hemg almost closed to fair traders by
f-e who required such fripperies as
ami the like, on such creature cotn
eogn :i*, were obliged—if they studied
"—to boy them in the cheapest tnur-
I this was in the hands of the smug
bo at that time formed no considera
ortion of Kngland's maritime popula
ting Brown, who from his childhood
n used to the sea, in a short time from
'ling of this narrative had, by his encr
aptue-s fi,r command, elicited warm
'""in his brother smugglers, and was
elected captain of as " rakish " a look
ter, called the Petrel, as ever bofth-d a
• Tuber. Once in every week or two
brought in the much coveted mns
siiks for the ladies, and the Cognac,
lords, who, how much they might
r e smugglers and smuggling in public,
■be L ast objection to become purchas
r,v ate of the smuggler's wares at far
II * than they could have purchased
the fair traders as by law protected
brown's intimate companions was
i'."il-fel!ow, who had joined him in
'>'haiidcruises, a man of two or three
I !>y name George Gilbert, the son
"than in reduced circumstances, and
" "£ been wild at college to which by
it great |KTsounl inconvenience, lie
1 -rut, for he was a youth of promise,
bU'in of then doing something good
h had some months returned home,
A T tiled of family reproaches, and
"" much spirit to wish to live as a pen
' ."'Ucniid good nature, had joined the
"Venturers. Brown and lie were
• ' "ever were two men more utterly
" " mind and body. By the side of
• 'lack Brown, the quiet, saturnine
1 '""'t made a poor figure—yet there
1,1 !| un than a stranger would have
jp7" aS *' ie S " l,l rfi' ers discovered. Stern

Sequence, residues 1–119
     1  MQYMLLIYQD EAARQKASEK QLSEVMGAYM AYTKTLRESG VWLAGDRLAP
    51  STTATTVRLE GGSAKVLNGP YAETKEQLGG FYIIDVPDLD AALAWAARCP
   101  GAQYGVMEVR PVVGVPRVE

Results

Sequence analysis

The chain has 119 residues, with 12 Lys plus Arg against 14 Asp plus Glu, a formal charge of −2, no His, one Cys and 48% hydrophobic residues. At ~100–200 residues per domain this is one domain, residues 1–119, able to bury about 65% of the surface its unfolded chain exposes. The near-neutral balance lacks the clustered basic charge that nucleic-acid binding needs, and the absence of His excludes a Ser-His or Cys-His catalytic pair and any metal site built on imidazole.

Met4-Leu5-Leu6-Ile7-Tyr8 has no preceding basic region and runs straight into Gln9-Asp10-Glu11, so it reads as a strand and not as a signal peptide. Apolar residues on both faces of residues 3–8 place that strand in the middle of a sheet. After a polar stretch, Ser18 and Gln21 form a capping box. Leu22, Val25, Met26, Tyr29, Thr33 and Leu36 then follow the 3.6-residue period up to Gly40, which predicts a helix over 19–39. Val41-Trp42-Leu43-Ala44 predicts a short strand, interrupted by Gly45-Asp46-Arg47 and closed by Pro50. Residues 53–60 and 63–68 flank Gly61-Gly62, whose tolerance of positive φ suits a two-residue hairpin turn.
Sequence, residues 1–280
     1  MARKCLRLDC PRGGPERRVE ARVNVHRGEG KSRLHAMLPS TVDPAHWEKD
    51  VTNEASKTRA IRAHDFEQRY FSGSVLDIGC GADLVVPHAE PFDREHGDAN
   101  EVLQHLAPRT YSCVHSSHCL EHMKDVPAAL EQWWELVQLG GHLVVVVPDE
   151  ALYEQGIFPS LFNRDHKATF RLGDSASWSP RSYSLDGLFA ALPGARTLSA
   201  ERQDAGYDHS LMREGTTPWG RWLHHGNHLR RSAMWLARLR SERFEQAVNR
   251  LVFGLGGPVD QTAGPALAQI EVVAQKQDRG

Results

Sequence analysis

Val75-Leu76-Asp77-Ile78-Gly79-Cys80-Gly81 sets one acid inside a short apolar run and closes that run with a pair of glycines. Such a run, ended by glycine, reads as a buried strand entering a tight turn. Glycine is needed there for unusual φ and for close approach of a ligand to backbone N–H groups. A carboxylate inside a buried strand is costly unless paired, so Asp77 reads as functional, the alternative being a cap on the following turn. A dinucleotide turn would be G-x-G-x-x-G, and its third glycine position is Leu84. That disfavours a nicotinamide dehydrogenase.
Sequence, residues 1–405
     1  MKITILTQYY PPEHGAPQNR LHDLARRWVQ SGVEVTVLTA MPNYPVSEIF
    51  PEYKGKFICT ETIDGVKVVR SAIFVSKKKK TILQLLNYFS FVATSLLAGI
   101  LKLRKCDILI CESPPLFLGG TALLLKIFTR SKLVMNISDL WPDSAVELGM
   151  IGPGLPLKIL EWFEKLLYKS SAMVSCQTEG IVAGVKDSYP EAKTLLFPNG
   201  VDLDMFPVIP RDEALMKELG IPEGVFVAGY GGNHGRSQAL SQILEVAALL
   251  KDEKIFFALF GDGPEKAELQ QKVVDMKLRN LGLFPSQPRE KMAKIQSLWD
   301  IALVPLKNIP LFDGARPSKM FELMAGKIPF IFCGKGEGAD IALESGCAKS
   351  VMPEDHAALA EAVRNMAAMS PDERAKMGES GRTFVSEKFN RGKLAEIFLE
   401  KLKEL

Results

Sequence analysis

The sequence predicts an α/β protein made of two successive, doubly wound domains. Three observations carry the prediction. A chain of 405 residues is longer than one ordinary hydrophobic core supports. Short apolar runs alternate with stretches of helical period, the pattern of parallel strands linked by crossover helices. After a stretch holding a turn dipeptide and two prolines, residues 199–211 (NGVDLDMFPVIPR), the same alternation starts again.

r witll a face whereon a smile seldom
| l ' f l then it was a smile more un
( ' a 'i any frown—with nothing genial
f s moonlight—a smile of min
and contempt, George Gilbert,
t,V~, Was emphatically the brain of
er. ' rw ' ' l was that planned
execute. Whenever a cool, cal
' ' r a k* en °J" e an( l indomitable
' riiM* ?' re rc< iP'rcd, George Gilbert
1 w f ,,r nisli(d them ; whenever
"pri-e t■ • he carried out bv
a strong nerve, a reckless heart and an iron
hand, then Jack Brown was truly " Jack at a
pinch." Little wonder then it, with two such
men banded together in one cause, the Petrel
soon became famous for successful cruises
and hair-breadth escapes —or that her crew,
who were all bound together in a kind of
partnership, soon were in a good way to real
ize a handsome livelihood by their nefarious
practices in spite of the revenue.
Now, although it is by no means my inten
tion to dose my readers with too much senti
mentality in these veritable chronicles, still 1
suppose I should l>e lesssening whatever inter
est my story may JJOSSCSS, by omitting such
love matters as are matters as are necessary to
that story's developement.
Let me be brief, however.
Jack lirown wooed and won as pretty a girl
as ever wore a contraband silk band, or kissed
a handsome young smuggler—Kate Furness.